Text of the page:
Referring again to FIG. 2, the receiving sub-unit 255 of the bus interface unit 120 comprises a de-select element 260, a prefetch buffer 265, an address length select circuit 270, the second select element 275, a tag element 280, the CPU buffer 285 and control logic 290. The de-select element 260 is controlled by the address select circuit 270 to transfer the information from the bus 150 to either the prefetch buffer 265 or the second select element 275. The address length select circuit 270 stores the number of bytes requested by the CPU through the length request line 138 and counts each byte of information received from system memory through the bus 150. Thus, continuing the above-described example, the request information (information from A0-A15) would be routed to the second select element 275 via signal lines 261 while the prefetch information (information from A16-A31) would be alternatively routed for storage in the prefetch buffer 265 via signal lines 262.
In order to increase the operational speed of the system, the bus interface unit 120 is configured to include the comparator 240 which checks whether the CPU 110 is issuing a read memory access request for information that has been already been prefetched by a prior read memory access request. This is done by comparing the address of the current read memory access request to the speculative address stored in the prefetch address latch 220 and provided to the comparator 240. If the tag element 280 is set, indicating that the prefetch buffer 265 is storing valid prefetch information, the control logic 290 selects the second select element 275 so that the prefetch information is transferred from the prefetch buffer 265 to the CPU buffer 285 through signal lines 266 and 276. Moreover, the logic circuit 205 is disabled through signal line 242 since no information needs to be retrieved from system memory. However, if the addresses are not equal, the process continues as described above.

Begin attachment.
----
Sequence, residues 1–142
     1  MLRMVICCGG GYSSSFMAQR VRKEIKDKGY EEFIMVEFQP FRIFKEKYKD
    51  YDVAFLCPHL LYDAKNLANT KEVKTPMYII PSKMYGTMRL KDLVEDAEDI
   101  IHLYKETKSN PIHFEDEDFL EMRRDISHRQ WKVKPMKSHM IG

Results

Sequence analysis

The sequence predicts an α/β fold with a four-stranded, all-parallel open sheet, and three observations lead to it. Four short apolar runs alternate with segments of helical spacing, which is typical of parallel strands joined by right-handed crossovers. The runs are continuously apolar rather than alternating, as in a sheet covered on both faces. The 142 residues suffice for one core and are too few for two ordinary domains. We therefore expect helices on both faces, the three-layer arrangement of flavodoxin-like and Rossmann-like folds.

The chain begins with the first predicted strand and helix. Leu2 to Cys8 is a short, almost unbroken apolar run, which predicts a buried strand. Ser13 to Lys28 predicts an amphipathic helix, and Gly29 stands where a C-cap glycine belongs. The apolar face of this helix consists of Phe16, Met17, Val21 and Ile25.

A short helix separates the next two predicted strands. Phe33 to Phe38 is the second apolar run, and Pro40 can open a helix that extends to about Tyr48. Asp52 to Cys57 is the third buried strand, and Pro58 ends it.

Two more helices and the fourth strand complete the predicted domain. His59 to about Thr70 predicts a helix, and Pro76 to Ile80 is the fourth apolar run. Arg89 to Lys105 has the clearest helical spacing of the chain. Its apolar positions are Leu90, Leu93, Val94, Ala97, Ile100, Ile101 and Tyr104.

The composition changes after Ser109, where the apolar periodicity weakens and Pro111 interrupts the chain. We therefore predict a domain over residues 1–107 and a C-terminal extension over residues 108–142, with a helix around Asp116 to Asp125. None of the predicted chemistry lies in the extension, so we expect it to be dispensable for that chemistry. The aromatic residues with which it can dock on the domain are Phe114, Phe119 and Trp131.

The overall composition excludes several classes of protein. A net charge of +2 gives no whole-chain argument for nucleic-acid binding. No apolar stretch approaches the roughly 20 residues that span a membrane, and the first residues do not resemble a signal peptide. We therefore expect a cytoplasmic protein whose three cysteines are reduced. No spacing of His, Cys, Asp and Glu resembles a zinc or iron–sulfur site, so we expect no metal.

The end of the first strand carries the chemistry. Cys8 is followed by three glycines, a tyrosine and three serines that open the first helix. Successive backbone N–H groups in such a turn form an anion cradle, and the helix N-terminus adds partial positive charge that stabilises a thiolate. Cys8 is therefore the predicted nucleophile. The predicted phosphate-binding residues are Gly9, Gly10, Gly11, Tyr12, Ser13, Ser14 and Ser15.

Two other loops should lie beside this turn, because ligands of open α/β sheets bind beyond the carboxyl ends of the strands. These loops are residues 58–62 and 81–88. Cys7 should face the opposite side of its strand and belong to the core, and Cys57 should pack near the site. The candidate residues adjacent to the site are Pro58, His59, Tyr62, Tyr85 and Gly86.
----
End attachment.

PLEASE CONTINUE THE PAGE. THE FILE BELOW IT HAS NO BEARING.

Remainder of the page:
More specifically, using the specific example described above for illustrative purposes, for a read memory access request, the request information associated with A0-A15 is input into the second select element 275 via lines 261. Since the tag element 280 is initially cleared, the output from the control logic 290 selects the second select element 275 to transmit the request information to the CPU buffer 285 for conversion to parallel data. Thereafter, the prefetch information associated with A16-A31 is stored in the prefetch buffer 265 causing the tag element 280 to be set.
Upon the CPU issuing another request, for example a read memory access request, the comparator circuit 240 compares the address produced by the read memory access request with the speculative address stored in the prefetch address latch 220. If these addresses are identical, the comparator 240 asserts the signal line 242 which disables the logic circuit 205 to prevent it from transferring information to the prefetch circuit 225 and propagates a logic “1” to a first input of the control logic 290. Since the tag element 280 is set from the prior read memory access request, the control logic 290 asserts its select lines 291 to allow the prefetch information from the prefetch buffer 265 to be transmitted to the CPU buffer 285. If there is a write request to an address which has previously been prefetched and is stored in the prefetch buffer 265, the tag element 280 is cleared and the information is overwritten or cleared.
Referring now to FIG. 5, a second illustrative embodiment of the bus interface unit 120 may include a plurality of prefetch buffers 300 and 310 in which one of these prefetch buffers (i.e., the instruction prefetch buffer 300) is configured to store instructions while the other prefetch buffer (i.e., the data prefetch buffer 310) is used to store data. It is contemplated, however, that multiple data or instruction prefetch buffers may be employed simultaneously by altering the bus interface unit 120 in a manner similar to that described below.